Billings also said she now opposes charter schools, a hot-button issue for the WEA, which is working to repeal [charter school] legislation passed this spring...

Charters are proving to be a very potent tool for recruiting pliant candidates in Wash. State. Is the WEA sure it wants to get rid of them?
Posted at 7:05 AM | Comments: 0 | Link to this item | Email this post

Innovative in Indy, Predictable at Heritage, and Trouble in CA
Two new charter schools in Indy. Why does this matter to you? Because Indy Mayor Bart Peterson is the only mayor in the country who can directly charter schools, and he's doing a hell of a good job of it.

Here is the new 21st Century Schools Project Bulletin. You can sign up to get it sent to you free here.

New Heritage Foundation report on federal education policy. What's the solution?...You're never gonna guess...Surprise! It's vouchers! The report also notes that states are sitting on "billions" in unspent funds...over to you Stilwell. Via Joanne Jacobs, who agrees with Eduwonk's assessment of the Incredible Shrinking GI Bill for Kids.

California Secretary of Ed Richard Riordan is in some trouble there...longtime Riordan watchers were wondering when a foot-in-mouth incident would happen. Whoever bet on last week, you're a winner!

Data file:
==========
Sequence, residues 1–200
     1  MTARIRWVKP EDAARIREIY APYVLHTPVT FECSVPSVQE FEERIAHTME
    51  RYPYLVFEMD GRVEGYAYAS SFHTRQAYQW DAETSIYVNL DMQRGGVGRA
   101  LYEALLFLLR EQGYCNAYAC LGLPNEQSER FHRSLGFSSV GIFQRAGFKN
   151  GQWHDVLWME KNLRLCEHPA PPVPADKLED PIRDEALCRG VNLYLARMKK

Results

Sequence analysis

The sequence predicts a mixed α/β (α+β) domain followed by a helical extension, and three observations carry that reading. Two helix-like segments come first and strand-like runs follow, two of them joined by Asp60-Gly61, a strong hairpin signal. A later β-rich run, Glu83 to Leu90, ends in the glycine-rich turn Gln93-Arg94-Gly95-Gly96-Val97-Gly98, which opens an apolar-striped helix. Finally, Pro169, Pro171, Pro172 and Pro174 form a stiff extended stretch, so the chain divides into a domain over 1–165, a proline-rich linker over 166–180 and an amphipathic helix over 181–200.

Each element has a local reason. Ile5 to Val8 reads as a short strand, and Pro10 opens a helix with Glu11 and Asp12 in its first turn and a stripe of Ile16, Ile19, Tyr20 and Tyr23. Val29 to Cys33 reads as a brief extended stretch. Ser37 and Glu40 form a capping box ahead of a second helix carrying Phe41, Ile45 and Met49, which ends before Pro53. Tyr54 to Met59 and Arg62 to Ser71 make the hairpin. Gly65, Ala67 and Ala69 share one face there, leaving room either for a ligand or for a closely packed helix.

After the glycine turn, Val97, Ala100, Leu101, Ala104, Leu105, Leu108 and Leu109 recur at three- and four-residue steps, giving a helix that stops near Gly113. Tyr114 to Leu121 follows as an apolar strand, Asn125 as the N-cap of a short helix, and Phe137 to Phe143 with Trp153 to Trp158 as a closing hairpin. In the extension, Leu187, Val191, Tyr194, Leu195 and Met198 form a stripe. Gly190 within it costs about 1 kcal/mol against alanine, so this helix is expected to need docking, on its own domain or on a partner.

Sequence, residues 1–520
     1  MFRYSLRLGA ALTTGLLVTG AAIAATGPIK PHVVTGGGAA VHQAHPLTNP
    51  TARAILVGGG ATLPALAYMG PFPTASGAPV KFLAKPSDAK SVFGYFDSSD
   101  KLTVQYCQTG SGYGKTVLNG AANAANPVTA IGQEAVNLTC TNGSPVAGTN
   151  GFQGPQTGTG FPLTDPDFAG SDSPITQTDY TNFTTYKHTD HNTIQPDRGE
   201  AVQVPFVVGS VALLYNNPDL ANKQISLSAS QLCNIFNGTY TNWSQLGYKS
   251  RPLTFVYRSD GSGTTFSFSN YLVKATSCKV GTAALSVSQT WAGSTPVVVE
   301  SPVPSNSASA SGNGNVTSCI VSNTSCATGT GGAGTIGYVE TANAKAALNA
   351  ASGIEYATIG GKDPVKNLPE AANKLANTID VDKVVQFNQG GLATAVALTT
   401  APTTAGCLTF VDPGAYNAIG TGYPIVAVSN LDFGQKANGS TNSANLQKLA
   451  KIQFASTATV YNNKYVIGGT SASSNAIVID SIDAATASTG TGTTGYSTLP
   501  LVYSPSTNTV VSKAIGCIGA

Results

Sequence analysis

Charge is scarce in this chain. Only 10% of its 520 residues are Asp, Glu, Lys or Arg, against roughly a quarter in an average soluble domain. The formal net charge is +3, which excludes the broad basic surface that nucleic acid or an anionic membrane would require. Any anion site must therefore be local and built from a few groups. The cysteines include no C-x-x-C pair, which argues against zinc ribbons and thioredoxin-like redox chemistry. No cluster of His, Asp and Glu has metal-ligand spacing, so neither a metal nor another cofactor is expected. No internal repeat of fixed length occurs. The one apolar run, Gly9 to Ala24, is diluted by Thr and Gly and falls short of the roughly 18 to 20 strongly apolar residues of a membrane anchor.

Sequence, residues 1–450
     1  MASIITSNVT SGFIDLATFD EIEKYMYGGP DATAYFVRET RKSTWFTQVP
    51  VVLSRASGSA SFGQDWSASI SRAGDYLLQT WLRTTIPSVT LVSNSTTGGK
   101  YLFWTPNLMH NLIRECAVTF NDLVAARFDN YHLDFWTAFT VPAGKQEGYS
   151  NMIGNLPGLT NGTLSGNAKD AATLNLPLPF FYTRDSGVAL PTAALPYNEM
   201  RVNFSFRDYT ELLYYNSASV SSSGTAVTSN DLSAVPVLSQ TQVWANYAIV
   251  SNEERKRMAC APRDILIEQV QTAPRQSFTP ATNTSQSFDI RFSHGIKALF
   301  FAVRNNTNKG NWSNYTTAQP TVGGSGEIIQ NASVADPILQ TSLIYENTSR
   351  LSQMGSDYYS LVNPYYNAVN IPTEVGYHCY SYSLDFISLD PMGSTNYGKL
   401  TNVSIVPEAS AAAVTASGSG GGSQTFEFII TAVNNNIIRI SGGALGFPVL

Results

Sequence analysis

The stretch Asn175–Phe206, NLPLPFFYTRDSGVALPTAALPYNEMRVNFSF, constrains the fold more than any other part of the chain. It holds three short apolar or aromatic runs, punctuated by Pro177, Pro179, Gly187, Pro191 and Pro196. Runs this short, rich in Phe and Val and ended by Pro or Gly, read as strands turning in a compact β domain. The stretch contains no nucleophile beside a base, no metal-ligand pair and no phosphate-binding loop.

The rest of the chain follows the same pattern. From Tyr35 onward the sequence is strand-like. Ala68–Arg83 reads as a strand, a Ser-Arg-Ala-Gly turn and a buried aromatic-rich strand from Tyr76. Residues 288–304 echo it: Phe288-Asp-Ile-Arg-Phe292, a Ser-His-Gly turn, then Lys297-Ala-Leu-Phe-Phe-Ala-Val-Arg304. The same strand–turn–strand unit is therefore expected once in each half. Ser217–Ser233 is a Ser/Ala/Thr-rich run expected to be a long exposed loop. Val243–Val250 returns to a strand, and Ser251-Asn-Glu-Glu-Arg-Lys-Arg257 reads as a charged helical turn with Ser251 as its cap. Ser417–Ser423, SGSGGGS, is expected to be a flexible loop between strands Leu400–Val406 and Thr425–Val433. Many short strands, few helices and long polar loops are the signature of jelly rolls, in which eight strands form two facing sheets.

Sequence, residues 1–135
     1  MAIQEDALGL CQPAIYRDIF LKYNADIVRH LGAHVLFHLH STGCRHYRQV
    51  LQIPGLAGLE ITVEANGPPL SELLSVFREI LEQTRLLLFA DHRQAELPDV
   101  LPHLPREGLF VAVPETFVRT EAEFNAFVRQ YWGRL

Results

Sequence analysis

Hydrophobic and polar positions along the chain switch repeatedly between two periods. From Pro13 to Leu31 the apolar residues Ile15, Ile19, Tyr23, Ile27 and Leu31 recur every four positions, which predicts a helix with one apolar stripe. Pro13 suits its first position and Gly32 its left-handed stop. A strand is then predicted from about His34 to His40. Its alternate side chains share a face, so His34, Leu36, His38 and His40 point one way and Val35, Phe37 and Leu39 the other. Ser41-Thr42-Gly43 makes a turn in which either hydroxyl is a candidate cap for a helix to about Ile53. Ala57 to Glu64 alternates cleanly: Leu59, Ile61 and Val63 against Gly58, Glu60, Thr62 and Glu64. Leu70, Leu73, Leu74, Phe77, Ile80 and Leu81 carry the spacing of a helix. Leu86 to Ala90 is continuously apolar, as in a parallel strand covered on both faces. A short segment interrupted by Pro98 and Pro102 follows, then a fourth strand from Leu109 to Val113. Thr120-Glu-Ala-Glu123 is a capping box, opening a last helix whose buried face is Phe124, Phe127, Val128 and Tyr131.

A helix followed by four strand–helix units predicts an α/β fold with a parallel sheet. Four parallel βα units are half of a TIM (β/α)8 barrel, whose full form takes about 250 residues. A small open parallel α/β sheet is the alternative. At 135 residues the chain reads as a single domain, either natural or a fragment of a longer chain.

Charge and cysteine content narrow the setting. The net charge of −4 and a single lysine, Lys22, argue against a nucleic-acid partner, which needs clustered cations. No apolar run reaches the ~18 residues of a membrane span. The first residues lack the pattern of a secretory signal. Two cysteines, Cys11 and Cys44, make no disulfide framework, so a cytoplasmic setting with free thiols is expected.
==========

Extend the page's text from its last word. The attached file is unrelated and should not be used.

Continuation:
New report on CA charter schools and special education here (PDF). Press coverage here. Worth reading, some good ideas, some less so.
Posted at 7:00 AM | Comments: 0 | Link to this item | Email this post

Gayl on After-School
In this new PPI paper education analyst Chrisanne L. Gayl examines the history and current state of play on after-school programs and makes recommendations for policymakers. Punchline: After-school programs important, need more funding to expand, need greater attention to quality, too.
Posted at 6:55 AM | Comments: 0 | Link to this item | Email this post

Ted Sanders Leaving ECS
After five very productive years at Education Commission of the States, Ted Sanders is stepping down next January as ECS president to spend more time with his family. Ted is a thoughtful fellow and important advocate for education. The increased ECS presence in several key debates is a direct consequence of his efforts.
Posted at 6:47 AM | Comments: 0 | Link to this item | Email this post

Thursday, July 08, 2004

More Love for TFA